I am an expert on using criticism as a defense mechanism. Let me share my painfully gained wisdom with you

Let’s just be totally clear: the type of criticism I am talking about here is NOT designed to build a stronger relationship. It doesn’t give your partner the opportunity to learn a new skill so they have a greater life!

This type of criticism – I think we call it ‘constructive criticism’, probably in the absence of a proper word for it?? – is generally a fruitful interaction between two people.  One partner might have asked for feed-back or the other has discovered they could share their skills with their partner to help them out.

Criticism can be like pooh-droppings all over your relationship!

No, no. What I am talking about it the kind of critical remarks we tend to ‘drop’ along the way of communicating with our partner. They sound a bit like this: ‘Why don’t you ever put the cleaning stuff away when you finished cleaning?’. Or: ‘I think you could have talked to the teacher about this issue while you were there.’. Or: ‘Have YOU left the teacup in the living room? It looks so messy!’. Or: ‘I wish it would be more important for you to spend time with your family!’

Okay, enough, I think you get the gist. I admit with a hanging head, most of these examples come from my own mouth. I learned them directly from my mother and dare I say, she did not invent this way of talking either.

Criticism comes in many forms of disguise

What is the effect of these ‘critical droppings’ when we leave them all over our relationship? Firstly, if you have a closer look, I am NOT actually saying what exactly I want. I just let my partner know that I am unhappy about him and his actions in a very indirect way. This tells me (now, that I have gained so much wisdom!) that I feel afraid of the confrontation that might result from a more direct approach. I might be unhappy in my own life and need to put the other one down a little to feel better within myself. I could also be unhappy with the relationship at large and want more connection.

Criticism can undermine connection

This sounds paradox. Think about how children become nagging, naughty or outright angry. This is usually their way of ‘telling’ us they are feeling disconnected from us. They don’t care what measures they need to take to get our attention. Negative attention is better than none!

Naturally, whatever the motive is behind the action, the result is pretty much the opposite to what we are looking for. In my case, I am sure my husband has grown skin the thickness of a rhinoceros to my ‘critical droppings’ over the 25 years. Instead of hearing what I really want to say, he protects himself by shutting down and – bingo – we have more distance rather than more connection! It is a really toxic loop that we can get caught up in. This requires some honest soul-searching and risk-taking on behalf of the person who uses this strategy to make changes.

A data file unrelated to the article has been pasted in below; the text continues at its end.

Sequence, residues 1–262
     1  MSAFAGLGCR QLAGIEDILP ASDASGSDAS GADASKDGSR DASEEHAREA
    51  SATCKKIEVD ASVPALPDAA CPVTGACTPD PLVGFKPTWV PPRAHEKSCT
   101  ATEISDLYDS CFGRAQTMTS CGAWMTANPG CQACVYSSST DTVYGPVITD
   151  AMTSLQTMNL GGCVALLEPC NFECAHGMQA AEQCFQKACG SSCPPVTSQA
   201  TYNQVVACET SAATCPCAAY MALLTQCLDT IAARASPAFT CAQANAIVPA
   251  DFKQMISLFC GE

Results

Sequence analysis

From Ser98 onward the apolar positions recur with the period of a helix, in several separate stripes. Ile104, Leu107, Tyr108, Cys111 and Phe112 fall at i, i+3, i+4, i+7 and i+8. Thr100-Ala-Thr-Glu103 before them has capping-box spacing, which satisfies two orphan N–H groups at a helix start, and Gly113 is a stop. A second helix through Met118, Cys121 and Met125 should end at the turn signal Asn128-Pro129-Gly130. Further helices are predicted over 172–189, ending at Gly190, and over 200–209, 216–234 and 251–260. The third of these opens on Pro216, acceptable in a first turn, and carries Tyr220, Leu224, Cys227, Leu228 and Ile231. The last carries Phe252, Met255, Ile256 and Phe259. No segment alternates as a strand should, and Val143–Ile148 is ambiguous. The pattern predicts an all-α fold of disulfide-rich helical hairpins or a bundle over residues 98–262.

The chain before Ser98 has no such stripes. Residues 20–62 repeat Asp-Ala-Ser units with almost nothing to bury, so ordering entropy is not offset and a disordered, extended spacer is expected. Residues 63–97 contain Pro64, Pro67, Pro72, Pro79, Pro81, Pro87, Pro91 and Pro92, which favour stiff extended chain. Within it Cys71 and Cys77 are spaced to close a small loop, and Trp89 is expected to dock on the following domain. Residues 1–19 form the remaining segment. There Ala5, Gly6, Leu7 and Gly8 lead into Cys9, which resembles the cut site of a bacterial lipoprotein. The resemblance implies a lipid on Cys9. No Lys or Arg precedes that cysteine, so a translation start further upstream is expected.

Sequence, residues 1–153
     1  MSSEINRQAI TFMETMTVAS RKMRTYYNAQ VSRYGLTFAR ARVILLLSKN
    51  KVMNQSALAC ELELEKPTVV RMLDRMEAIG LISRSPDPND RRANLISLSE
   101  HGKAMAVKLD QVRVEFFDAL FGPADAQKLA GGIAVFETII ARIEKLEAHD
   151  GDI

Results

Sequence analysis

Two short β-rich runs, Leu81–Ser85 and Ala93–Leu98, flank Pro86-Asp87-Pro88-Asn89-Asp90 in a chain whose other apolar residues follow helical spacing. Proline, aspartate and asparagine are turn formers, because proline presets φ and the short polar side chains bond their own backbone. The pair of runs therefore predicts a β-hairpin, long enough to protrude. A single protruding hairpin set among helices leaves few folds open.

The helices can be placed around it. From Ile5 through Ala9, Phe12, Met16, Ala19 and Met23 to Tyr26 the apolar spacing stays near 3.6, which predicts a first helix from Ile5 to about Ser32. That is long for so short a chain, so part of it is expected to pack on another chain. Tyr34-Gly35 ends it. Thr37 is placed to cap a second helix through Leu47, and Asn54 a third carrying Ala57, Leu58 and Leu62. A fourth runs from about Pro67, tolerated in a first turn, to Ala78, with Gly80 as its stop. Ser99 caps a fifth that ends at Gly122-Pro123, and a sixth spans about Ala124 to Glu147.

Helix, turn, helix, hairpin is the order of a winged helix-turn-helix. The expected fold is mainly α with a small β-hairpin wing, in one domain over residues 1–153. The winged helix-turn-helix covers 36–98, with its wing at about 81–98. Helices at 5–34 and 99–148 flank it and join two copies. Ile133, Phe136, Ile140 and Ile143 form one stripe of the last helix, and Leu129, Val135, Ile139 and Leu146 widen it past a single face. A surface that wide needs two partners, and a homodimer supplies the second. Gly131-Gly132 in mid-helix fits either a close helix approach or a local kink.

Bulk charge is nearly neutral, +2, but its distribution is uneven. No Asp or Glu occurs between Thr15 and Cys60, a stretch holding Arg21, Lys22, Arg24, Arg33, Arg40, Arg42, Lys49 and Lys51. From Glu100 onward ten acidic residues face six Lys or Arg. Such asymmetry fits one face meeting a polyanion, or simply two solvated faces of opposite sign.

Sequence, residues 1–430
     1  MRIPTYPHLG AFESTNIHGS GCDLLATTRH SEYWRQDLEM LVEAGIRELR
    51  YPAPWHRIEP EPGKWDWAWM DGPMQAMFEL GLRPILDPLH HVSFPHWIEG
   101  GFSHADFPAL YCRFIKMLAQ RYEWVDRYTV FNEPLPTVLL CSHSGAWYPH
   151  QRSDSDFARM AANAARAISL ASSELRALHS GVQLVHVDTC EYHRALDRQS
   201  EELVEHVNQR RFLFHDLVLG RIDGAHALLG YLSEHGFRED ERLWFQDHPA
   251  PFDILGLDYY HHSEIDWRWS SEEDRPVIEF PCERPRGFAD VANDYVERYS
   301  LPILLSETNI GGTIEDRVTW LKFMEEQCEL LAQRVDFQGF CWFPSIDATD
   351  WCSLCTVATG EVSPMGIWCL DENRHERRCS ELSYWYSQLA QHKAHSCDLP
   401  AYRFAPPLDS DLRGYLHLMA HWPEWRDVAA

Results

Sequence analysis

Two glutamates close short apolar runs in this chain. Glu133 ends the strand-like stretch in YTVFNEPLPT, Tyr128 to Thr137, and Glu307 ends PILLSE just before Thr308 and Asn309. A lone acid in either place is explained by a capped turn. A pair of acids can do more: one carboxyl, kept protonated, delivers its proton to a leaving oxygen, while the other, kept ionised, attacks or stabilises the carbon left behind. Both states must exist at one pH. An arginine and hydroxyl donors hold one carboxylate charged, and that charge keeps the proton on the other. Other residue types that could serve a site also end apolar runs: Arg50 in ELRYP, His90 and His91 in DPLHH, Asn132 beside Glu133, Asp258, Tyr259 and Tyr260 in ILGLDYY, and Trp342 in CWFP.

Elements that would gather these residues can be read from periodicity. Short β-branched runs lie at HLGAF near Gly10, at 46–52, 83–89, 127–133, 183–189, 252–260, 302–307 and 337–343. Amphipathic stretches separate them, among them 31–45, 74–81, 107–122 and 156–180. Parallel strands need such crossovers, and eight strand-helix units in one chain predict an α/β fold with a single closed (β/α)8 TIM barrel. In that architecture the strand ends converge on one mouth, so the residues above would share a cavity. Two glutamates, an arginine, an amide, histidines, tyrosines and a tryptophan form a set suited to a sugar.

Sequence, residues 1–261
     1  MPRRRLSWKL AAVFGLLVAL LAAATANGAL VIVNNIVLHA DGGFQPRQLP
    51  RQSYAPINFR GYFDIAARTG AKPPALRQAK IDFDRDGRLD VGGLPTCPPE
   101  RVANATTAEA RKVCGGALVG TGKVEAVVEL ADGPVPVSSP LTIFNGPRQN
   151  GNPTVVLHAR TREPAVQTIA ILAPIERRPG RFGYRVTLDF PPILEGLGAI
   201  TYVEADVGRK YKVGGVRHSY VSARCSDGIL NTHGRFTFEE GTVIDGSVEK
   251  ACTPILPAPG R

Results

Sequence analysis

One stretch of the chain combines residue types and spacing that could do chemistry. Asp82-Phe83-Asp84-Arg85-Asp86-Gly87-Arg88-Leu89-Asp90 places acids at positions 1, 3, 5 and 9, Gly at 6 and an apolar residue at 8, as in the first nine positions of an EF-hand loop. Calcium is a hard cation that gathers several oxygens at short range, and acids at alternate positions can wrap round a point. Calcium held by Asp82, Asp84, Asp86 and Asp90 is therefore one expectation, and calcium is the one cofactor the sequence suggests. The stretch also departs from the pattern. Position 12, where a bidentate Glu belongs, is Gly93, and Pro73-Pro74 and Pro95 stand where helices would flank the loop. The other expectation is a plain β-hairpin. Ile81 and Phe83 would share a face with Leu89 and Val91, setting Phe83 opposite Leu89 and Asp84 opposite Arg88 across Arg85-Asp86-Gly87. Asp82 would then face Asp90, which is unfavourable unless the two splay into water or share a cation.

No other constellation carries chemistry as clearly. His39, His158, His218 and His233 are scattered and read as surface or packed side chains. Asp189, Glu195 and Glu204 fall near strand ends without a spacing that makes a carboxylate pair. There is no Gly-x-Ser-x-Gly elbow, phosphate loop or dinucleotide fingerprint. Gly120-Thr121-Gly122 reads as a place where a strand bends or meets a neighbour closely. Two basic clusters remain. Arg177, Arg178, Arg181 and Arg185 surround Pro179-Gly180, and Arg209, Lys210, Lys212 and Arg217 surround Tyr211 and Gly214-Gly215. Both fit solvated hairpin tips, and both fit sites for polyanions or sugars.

What can be done about criticism in your relationship?
overcoming criticism

Step one to undo this habit is awareness. Do you recognize your style in the examples I gave above? Mine are all pretty indirect and manipulative but you might be more overtly critical and tell your partner outright they are doing things wrong.

Secondly, what is your underlying motive of the criticism? Are you unhappy in your relationship and are focusing on your partner’s behaviors to express that? do you feel too unsafe to clearly state what is not okay? May be you are simply following your parent’s way of being in a relationship and have never stopped to consider how your partner might feel hearing all your negative ‘droppings’?


Take an honesty-check with yourself.

Depending on what the reason is for your approach, you might need more help than to just read this newsletter. Clearly, if you feel too unsafe to tell your partner you would like them to pick up their socks, some other things need addressing in your relationship!

If you are angry at large, feel disconnected and alone and try to get your partner’s attention, begin by telling them the truth! This is the most important first step. Tell them how you miss connection, how you would like the relationship to look, and – you guessed it: make a suggestion of what YOU could do to make it more fun and create some space and time to be together.

This will make you feel vulnerable so go slowly and test the waters but be honest! Secondly try to practice with the small things to express them in a more direct way: ‘ I love it when the living room is clean and tidy. I gives me a break from my busy brain where I can relax. Is it possible for you to take your teacup back into the kitchen when you finished with it. It means I don’t have to start cleaning up before I can sit down?’

Now, here is another really important thing: be prepared to repeat this many many times!! Your partner might live on a different planet when it comes to order in the house. They don’t necessarily understand your need let alone share it. So you go about it the same way you teach your kids:


RE-PE-TI-TION  is the clue… friendly, directly, and again.

Guess what, it costs a lot less energy even though you are repeating yourself. It creates a gentle connection as your partner doesn’t shut down but instead goes: ‘Oh, yes. Sorry, I forgot again. I will remember next time.’

It even creates some humor as you say it the tenth time and can still laugh about it. You also signal to yourself that you are important enough to make this request and mature enough to do so with patience and consideration.

Happy Practice!!